Get Your Copy: Amazon Barnes&Noble iTunes Kobo Downpour IndieBound Book Depository GoogleAudibleDirect from Publisher
See this Title on Goodreads

Australian bestselling novelist Karen Brooks rewrites women back into history with this breathtaking novel set in 17th century London—a lush, fascinating story of the beautiful woman who is drawn into a world of riches, power, intrigue…and chocolate.

Damnation has never been so sweet...

Rosamund Tomkins, the illegitimate daughter of a nobleman, spends most of her young life in drudgery at a country inn. To her, the Restoration under Charles II, is but a distant threat as she works under the watchful eye of her brutal, abusive stepfather . . . until the day she is nearly run over by the coach of Sir Everard Blithman.

Sir Everard, a canny merchant, offers Rosamund an “opportunity like no other,” allowing her to escape into a very different life, becoming the linchpin that will drive the success of his fledgling business: a luxurious London chocolate house where wealthy and well-connected men come to see and be seen, to gossip and plot, while indulging in the sweet and heady drink.

Rosamund adapts and thrives in her new surroundings, quickly becoming the most talked-about woman in society, desired and respected in equal measure.

But Sir Everard’s plans for Rosamund and the chocolate house involve family secrets that span the Atlantic Ocean, and which have already brought death and dishonor to the Blithman name. Rosamund knows nothing of the mortal peril that comes with her new title, nor of the forces spinning a web of conspiracy buried in the past, until she meets a man whose return tightens their grip upon her, threatening to destroy everything she loves and damn her to a dire fate.

As she fights for her life and those she loves through the ravages of the Plague and London’s Great Fire, Rosamund’s breathtaking tale is one marked by cruelty and revenge; passion and redemption—and the sinfully sweet temptation of chocolate.

A copy of this title was provided via Publisher via Avon Addicts for purpose of honest review. I was not compensated for this review: all conclusions are my own responsibility.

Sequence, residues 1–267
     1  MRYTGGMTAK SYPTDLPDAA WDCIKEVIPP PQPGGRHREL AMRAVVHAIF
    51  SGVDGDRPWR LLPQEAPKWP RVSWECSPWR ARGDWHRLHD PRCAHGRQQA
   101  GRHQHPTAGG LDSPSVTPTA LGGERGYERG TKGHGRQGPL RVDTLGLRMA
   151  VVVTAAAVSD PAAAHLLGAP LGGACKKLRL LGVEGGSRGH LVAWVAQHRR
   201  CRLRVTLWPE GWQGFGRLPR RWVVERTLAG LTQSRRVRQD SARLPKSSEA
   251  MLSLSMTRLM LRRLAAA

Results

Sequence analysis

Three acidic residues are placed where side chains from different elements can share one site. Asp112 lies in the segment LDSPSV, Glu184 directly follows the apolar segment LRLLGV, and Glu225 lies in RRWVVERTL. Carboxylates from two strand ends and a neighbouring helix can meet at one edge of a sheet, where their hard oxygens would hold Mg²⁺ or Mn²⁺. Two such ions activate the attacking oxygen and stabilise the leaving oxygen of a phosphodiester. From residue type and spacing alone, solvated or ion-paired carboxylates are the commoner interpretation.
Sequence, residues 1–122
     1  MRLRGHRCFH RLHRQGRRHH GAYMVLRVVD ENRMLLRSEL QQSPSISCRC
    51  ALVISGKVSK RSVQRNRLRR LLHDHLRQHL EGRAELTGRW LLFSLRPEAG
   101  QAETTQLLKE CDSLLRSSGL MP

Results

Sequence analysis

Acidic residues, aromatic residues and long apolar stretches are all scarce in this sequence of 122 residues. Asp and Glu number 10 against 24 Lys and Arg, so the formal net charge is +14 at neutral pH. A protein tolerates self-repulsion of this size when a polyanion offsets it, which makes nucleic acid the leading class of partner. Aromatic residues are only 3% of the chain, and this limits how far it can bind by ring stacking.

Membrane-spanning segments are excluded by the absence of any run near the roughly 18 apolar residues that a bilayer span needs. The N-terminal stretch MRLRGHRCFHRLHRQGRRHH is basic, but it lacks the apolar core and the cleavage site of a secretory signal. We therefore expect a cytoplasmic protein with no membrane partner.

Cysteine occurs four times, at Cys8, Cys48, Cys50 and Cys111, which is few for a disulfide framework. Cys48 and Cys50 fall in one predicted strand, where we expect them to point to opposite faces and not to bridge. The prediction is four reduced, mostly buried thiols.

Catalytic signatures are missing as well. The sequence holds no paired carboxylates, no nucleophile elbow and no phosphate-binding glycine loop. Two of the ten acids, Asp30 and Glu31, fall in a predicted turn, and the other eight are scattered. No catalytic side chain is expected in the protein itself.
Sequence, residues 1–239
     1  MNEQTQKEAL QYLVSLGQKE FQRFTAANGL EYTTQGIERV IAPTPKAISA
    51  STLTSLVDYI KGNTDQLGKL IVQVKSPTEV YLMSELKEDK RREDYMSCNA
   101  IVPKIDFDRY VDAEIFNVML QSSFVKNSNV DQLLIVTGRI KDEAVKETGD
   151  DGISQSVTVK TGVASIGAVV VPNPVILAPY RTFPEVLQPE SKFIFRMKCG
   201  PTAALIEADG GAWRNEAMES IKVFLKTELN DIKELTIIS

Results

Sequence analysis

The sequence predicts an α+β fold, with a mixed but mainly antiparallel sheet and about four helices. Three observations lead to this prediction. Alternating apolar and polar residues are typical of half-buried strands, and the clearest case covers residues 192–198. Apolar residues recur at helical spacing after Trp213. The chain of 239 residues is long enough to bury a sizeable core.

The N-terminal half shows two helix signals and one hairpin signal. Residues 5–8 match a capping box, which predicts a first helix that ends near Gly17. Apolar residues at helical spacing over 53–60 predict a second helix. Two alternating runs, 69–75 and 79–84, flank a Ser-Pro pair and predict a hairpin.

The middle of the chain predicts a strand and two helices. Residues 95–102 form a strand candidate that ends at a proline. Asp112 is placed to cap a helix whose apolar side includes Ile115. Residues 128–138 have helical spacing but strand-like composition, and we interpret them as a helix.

About Karen Brooks

Called everything from a ‘six two transvestite Sheila’ by former football great Sam Newman on national TV, ‘the grunge queen’, by former QLD Premier Wayne Goss, a ‘witch’ by a Sunshine Coast pastor (Karen is convinced the consonant was misheard) and a ‘left-wing loopy academic with no testosterone’ by an irate radio listener in Tasmania, and a crusading, sycophantic, pedantic and myopic academic dwelling in an ivory tower, by a Courier Mail reader, Dr Karen Brooks is, to say the least, polemical. However, the hundreds of emails and letters she receives each week from readers of her books, columns and articles, as well as TV viewers and radio listeners attest to the fact that what she has to say about society, culture and young people today is striking a very loud chord.

Karen lives in Hobart, in a beautiful, convict built sandstone Georgian house that whispers and chatters to her all the time. She lives there with her beloved partner, Stephen, two bichons, Tallow and Dante, Labradoodle, the irrepressible, Bounty (the brew dog) and her four cats, Baroque, Claude, Jack and Cromwell. She’s often visited by her wonderful children – son, Adam, and daughter, Caragh – both of whom she is very proud, as well as her fabulous friends. Mostly, however, she writes, reads, reviews books, watches too much TV, travels and dreams.